• Ron the Death Eater: Despite the author's claims otherwise, this is one of the earliest and most vicious "Evil Celestia" fics.
  • Spotlight-Stealing Squad: A pretty decent chunk of the story focuses on Braveheart and his squad. He even more or less becomes the protagonist from the end of chapter 11 to the end of 13, when he's killed off. Hoof, just take a look at how much the fics' trope articles mention him.
  • Unfortunate Implications:
    • The inclusion of the Real Women Never Wear Dresses incident detailed above has led to a somewhat Broken Base among readers. Some feel that transforming the female-heavy world of My Little Pony into a patriarchal society is unnecessary and/or makes very little sense and is filled with unfortunate implications. It doesn't help that the primary antagonist, Captain Braveheart, is a misogynistic Jerkass.
    • It Got Worse: The Writer doesn't think Braveheart is a misogynist, and his own commander praises his actions because it almost got Luna twice, because as we know the army doesn't care about silly things like war crimes as long as they get the job done. The same notes mention that Celestia enforces a number of sexist and racist beliefs. Fans were so outraged that it was quickly taken down.
    • Chapter 8 heavily implies that most of the government has fallen apart (Celestia having been missing for roughly one day), with the male-heavy Royal Guard being the one exception. As mentioned above, most of the government is female-run, implying that women can't manage things unless they're overseen by a Dictator.
    • Of the Canon characters, Big Mac is depicted in the best overall light, shown as being closer to Earth and wiser than his sisters. Twilight also has a potential Love Interest added in, implying her being conflicted about the Luna and Celestia situation isn't enough -- there has to be a male thrown into the mix for her to be Wangsty about as well. (Spike is a no-show.)
      • Speaking of Twilight conflicted about Luna and Celestia, she pretty much on Luna's side since chapter 2, despite Celestia being like a second mother to her and knowing Celestia better than Luna does, even thinking making Luna immortal again is more important than finding Celestia, only thinking otherwise thanks to said potential Love Interest, reducing the shows lead character into a Satellite Character.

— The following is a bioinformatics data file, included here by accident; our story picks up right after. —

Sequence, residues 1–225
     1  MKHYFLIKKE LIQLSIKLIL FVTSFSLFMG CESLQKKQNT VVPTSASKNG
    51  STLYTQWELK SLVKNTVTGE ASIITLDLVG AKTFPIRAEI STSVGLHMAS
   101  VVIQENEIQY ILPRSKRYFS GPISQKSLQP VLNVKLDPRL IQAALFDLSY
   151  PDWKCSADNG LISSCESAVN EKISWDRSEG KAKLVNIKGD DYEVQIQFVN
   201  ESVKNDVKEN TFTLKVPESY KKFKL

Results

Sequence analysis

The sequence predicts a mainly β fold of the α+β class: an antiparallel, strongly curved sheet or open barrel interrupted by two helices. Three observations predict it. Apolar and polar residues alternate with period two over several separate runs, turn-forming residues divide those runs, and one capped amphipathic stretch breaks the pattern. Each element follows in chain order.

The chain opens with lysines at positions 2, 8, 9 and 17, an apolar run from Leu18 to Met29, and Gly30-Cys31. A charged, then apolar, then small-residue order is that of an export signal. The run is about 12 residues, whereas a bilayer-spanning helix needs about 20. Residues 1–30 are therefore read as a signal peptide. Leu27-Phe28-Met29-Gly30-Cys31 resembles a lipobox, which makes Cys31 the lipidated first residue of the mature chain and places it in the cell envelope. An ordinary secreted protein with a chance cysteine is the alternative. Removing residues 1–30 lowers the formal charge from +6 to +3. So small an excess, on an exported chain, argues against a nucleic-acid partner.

• It's gotten so bad that the author has decided to revise the fic to remove the patriarchal sexist connotations. The first step is apparently removing all of Braveheart's sexist language.
      • Which is leading to more Unfortunate Implications as the writer is also trying to make him into an anti-villain by removing most or his horrible actions: so women (or mares) can be flawed and make poor decisions, but men (or stallions) can't and don't.
    • Chapter 9 outright states that the Royal Guard care nothing about the civilians they're supposed to protect.
    • All throughout the story, from the author's justification for the actions of the guards to Mac's speech to Applejack regarding Luna, there seems to be a nonstop implication that nobody can or should be held responsible for their actions so long as they're Just Following Orders.
    • Any responsibility male characters hold is downplayed or blamed upon women.
      • Braveheart's assault on Sweet Apple Acres is blamed on Applejack being arrested and spilling the beans.
      • Rarity impersonates Nightmare Moon in order to scare the flighty Lighthoof, who has been assigned to guard her. He then runs throughout the streets screaming that the town in under attack, leading to a riot in which a foal is trampled. Naturally, Rarity is the only one blamed.
      • Chapter 11 has Braveheart being Easily Forgiven, while Luna isn't.
      • Chapter 13 sees Applejack apologize to Braveheart. Remember this is the person who threatened to burn her home with her family inside it.
  • Seinfeld Is Unfunny: When it started the ideal of this story was rather new and interesting, however over time the Fandom started seeing as Celestia the more sympathetic of the two sisters. Now this is just another "Celestia is evil" stories.
    • Speaking of which this version of Luna was once praised for being so different then other fandom version, now she's a borderline Scrappy.
  • Villain Sue: Braveheart, whose abusive behavior wasn't kick-started by the tragic rioting deaths caused by Nightmare Moon's return, merely 'justified' by it. So apparently witnessing a tragedy makes it okay to be a sexist racist who abuses his authority, makes false accusations, and threatens innocents with Cold-Blooded Torture to 'bring them into line'.
  • Wangst: 90% of Luna's dialogue is her bitching about Celestia or Celestia's way of running things.